OBJECTIVES: Analysis of placental lymphocytesfrom different compartments is crucial for many questions in reproductive immunology. A separation of lymphocytes after tissue disaggregations leads to a mixture of maternal and fetal lymphocytes, which are difficult to distinguish by simple methods. HLA-A2 is expressed by 29% (Romanians) – 45% (Spanish) of a Caucasian population and might be a marker for this approach.
METHODS/RESULTS: Extravillous blood is obtained by rinsing a placenta lobus with a special pump and tube system. Such blood is usually contaminated with fetal cells. Lymphocytes are separated by a common density gradient. Lymphocytes from rinsed tissue are isolated by mechanical and enzymatical disaggregation followed by a density gradient. By using this method, fetal and maternal lymphocytes are generally widely mixed. Anti-HLA-A2 monoclonal antibodies are produced by a murine hybridoma cell line. In positive individuals 29–53% of lymphocytes were HLA-A2 positive. In approximately 25% of pregnancies a discordance of HLA-A2 expression between the mother and her fetus was found. When lymphocytes are isolated from placentae of such combinations, at least HLA-A2 positive cells can be easily detected by flow cytometry. All positive cells derive from the same individual, whereas the origin of negative cells cannot be determined. By application of a secondary microbeads labelled antimurin antibody, anti-HLA-A2 can be also used for magnet activated cell separation and used for enrichment of cells of one single origin.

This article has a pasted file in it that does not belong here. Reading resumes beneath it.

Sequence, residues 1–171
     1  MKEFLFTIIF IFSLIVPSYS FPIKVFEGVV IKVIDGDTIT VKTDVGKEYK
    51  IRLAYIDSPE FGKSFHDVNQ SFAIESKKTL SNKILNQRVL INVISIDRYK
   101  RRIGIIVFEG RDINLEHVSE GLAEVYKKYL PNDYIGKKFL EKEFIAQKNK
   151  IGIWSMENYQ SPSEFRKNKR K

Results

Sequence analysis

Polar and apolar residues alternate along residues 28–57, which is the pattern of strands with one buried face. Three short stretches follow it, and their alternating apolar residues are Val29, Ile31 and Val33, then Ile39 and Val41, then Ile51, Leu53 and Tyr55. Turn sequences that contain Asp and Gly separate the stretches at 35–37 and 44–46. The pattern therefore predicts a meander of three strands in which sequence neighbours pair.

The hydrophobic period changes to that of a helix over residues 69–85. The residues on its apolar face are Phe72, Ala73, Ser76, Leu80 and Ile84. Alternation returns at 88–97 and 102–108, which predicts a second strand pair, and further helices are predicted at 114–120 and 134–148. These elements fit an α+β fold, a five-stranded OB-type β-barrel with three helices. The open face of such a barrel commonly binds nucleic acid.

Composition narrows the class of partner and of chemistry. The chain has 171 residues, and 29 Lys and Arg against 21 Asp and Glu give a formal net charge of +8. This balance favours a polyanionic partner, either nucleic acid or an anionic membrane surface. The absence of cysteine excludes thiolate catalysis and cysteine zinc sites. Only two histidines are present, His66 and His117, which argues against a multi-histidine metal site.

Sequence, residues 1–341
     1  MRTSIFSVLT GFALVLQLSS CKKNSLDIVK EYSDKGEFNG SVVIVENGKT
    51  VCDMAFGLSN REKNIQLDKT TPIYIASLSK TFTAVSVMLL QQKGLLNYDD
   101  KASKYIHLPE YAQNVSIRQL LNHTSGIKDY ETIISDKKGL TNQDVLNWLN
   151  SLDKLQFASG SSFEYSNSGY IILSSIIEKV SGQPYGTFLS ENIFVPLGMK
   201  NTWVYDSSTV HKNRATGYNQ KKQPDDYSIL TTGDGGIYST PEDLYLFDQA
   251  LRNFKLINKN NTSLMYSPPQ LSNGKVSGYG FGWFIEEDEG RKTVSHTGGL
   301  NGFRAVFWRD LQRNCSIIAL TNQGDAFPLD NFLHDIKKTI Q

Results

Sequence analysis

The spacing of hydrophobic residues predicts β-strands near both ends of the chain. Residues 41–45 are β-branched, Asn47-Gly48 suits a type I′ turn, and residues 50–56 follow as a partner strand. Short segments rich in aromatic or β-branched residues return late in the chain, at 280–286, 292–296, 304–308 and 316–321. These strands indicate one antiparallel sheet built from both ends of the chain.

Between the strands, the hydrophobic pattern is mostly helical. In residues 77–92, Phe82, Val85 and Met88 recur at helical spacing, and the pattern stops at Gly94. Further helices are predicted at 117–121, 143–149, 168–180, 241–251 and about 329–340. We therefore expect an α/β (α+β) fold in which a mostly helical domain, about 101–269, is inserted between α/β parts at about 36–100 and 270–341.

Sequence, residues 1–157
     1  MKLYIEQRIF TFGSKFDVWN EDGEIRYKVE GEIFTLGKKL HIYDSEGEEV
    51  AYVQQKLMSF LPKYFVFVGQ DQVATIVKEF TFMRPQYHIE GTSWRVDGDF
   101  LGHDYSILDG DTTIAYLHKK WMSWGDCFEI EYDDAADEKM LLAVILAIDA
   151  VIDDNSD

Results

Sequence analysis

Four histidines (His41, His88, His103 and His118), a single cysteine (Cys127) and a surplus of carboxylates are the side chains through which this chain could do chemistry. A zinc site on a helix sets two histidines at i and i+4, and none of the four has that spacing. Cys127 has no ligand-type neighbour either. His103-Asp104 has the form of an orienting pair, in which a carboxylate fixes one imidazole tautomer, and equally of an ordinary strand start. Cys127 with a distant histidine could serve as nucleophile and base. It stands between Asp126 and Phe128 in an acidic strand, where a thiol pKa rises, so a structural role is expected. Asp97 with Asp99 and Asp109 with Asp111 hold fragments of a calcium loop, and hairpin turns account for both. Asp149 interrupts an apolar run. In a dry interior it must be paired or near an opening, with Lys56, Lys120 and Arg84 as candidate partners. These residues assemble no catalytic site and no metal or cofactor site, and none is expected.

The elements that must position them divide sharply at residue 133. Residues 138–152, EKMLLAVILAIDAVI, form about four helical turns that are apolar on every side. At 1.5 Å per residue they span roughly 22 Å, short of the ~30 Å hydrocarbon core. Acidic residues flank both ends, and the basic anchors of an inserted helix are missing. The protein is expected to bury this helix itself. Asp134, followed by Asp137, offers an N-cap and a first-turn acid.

CONCLUSION: In c. 25% of pregnancies the use of anti-HLA-A2 antibodies allows a distinction of maternal and fetal cells and their respective enrichment.